Light showers of a sub-tropical monsoon, bright hues of green and blue all around, a week-end and family at home make a perfect recipe for a little road trip. Not sure of which sanctuary might be open in monsoon, we decided to drive up to the town my children’s grandparents and their parents on father’s side came from, and hit the road for a nearly four-hour drive.
When the roads and the colonnade of trees are washed clean by the rains, there is no better thing to do during a drive than to just soak the serenity of clean freshness and smell the joy of the countryside. I wish I had some pictures of the road itself. May be next time. Today, I don’t have much of a story – just some fleeting images.
We found the town in transit – from ancestry to acquired recency, from old to new and from heritage to new construction. Between crumbling heritage and stark concrete, I couldn’t tell which one to side. In many places the abandoned homes have grass growing on the floor near the closed front doors..
Elaborate carvings on the closed galleries and windows made me wonder how they might once have been – at the peak of its glory as a princely town. The palace, as of now, is largely closed.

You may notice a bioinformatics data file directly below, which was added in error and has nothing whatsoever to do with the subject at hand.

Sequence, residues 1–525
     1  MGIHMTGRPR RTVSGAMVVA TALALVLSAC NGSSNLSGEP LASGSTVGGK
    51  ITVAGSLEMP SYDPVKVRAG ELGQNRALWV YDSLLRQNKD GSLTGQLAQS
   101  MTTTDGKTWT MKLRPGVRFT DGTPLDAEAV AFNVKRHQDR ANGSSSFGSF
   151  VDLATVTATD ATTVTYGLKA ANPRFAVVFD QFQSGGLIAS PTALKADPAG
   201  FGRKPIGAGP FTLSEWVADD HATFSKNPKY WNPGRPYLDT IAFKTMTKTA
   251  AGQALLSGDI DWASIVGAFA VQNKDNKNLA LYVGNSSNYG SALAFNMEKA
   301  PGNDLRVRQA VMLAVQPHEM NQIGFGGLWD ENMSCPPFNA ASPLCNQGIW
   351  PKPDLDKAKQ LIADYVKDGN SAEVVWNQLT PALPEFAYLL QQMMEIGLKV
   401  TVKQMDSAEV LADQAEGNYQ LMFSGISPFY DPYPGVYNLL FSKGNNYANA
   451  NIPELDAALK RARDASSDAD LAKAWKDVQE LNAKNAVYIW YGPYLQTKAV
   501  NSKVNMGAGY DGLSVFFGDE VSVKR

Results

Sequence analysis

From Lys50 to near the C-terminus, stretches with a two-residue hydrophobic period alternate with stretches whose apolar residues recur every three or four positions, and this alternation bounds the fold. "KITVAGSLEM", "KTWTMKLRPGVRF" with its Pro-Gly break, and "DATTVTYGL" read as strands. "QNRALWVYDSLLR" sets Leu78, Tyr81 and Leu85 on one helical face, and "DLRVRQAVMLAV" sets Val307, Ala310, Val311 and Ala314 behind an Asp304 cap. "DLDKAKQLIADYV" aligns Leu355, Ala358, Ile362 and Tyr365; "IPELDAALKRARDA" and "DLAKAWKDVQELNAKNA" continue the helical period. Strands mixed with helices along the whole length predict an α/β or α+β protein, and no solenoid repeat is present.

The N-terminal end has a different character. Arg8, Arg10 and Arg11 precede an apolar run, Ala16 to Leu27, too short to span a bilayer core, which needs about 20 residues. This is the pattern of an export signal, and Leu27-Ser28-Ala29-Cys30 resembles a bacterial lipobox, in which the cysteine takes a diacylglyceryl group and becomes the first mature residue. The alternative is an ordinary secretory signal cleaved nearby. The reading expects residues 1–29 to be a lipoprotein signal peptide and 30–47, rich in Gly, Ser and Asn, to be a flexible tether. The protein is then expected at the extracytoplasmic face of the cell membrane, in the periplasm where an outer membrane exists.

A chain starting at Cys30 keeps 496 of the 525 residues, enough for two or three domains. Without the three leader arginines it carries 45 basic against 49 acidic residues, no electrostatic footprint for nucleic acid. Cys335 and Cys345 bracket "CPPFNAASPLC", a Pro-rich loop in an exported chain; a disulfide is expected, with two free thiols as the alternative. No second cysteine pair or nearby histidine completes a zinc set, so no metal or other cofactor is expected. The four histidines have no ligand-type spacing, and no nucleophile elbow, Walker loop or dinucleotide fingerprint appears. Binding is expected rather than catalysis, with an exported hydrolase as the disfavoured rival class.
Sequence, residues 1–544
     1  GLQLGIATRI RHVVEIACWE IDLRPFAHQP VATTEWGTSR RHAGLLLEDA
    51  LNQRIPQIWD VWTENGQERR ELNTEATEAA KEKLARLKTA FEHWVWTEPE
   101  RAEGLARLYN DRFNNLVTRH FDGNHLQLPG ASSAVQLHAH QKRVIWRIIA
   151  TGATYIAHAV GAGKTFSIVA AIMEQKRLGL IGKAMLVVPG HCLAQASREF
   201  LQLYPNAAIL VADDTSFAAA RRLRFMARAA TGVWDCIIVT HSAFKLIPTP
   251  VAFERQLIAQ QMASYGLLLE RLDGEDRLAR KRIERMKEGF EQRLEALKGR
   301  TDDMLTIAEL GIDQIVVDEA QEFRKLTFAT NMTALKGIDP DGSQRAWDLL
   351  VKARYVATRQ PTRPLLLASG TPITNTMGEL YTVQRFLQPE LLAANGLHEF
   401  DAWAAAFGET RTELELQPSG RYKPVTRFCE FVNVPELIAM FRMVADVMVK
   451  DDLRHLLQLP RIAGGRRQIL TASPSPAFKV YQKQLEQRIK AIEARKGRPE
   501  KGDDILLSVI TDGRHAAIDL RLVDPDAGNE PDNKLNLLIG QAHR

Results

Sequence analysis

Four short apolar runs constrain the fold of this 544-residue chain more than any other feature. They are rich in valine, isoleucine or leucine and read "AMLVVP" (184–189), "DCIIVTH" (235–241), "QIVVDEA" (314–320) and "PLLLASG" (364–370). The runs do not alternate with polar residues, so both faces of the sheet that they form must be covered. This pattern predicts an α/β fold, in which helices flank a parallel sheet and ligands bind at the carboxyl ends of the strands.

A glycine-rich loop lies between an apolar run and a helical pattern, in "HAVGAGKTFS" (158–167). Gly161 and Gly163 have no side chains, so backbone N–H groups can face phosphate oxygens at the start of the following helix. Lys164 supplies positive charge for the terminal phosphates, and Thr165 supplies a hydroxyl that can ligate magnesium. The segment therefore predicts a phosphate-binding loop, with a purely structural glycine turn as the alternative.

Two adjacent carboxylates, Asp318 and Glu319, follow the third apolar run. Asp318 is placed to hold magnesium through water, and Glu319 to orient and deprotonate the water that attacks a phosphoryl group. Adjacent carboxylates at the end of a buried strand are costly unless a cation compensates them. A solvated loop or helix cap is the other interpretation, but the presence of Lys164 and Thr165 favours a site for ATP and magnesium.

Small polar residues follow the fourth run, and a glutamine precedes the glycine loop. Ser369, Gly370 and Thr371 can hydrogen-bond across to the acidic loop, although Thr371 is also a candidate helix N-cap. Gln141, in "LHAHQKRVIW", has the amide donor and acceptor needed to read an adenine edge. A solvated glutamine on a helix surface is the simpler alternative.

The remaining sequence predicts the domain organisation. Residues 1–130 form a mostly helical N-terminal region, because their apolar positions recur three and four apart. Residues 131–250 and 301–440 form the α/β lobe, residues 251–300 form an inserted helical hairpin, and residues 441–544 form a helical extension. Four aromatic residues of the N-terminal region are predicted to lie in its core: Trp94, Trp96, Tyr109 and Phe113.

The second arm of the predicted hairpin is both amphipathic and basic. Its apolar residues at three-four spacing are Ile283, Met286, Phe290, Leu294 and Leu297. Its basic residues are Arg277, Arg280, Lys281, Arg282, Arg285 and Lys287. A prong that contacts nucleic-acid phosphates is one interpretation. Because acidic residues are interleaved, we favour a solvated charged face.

… and so are many other places:
Wouldn’t this window be more beautiful if some maiden looked out of it and there were no cables to obstruct the view?
.. and this one
…I could imagine elephant-led processions from this palace entrance once upon a time:
Elsewhere in the town, the old has already gone and its remains leave a trail of the building’s evolution around the relations between its inhabitants..
and the layers of paint carry the untold stories over decades and generations:
The old was giving a way, log by log, carved block by block to the new that would never have the beauty and charm of the old..
The pace of breaking down the old was hectic – no time to come down for a cup of tea.
The brightly colored plants find a way to grow amid all the rubble.
People also wore a dab of bright here and there, and curiously eyed us strangers as we passed by. When our eyes met, the lady smiled shyly. I requested for a picture and asked her to look just the way she did when I turned to face her. She tried in vain.
In the mean time, the dog napped on the heap of sand.
The people chatted and work went on at its own pace..
More smiles followed
I put the smiles and the lingering richness of history in my bag and returned – to the familiar, bustling life back at home..